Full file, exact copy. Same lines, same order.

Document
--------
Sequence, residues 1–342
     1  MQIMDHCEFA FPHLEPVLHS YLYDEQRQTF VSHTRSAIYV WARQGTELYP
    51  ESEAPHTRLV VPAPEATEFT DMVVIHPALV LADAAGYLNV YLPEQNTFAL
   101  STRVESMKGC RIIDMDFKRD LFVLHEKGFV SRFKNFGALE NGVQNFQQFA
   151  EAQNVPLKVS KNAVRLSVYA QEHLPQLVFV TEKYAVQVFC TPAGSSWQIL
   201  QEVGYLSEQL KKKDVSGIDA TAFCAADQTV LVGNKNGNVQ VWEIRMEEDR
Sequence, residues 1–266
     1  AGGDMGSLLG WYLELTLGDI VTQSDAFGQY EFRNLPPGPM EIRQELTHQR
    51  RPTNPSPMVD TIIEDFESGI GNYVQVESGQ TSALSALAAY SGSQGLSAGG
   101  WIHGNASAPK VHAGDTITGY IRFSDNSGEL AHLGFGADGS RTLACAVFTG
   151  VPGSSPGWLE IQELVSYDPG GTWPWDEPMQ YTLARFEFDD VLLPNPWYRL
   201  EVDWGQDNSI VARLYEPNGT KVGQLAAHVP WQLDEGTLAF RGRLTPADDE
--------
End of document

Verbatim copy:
Sequence, residues 1–342
     1  MQIMDHCEFA FPHLEPVLHS YLYDEQRQTF VSHTRSAIYV WARQGTELYP
    51  ESEAPHTRLV VPAPEATEFT DMVVIHPALV LADAAGYLNV YLPEQNTFAL
   101  STRVESMKGC RIIDMDFKRD LFVLHEKGFV SRFKNFGALE NGVQNFQQFA
   151  EAQNVPLKVS KNAVRLSVYA QEHLPQLVFV TEKYAVQVFC TPAGSSWQIL
   201  QEVGYLSEQL KKKDVSGIDA TAFCAADQTV LVGNKNGNVQ VWEIRMEEDR
Sequence, residues 1–266
     1  AGGDMGSLLG WYLELTLGDI VTQSDAFGQY EFRNLPPGPM EIRQELTHQR
    51  RPTNPSPMVD TIIEDFESGI GNYVQVESGQ TSALSALAAY SGSQGLSAGG
   101  WIHGNASAPK VHAGDTITGY IRFSDNSGEL AHLGFGADGS RTLACAVFTG
   151  VPGSSPGWLE IQELVSYDPG GTWPWDEPMQ YTLARFEFDD VLLPNPWYRL
   201  EVDWGQDNSI VARLYEPNGT KVGQLAAHVP WQLDEGTLAF RGRLTPADDE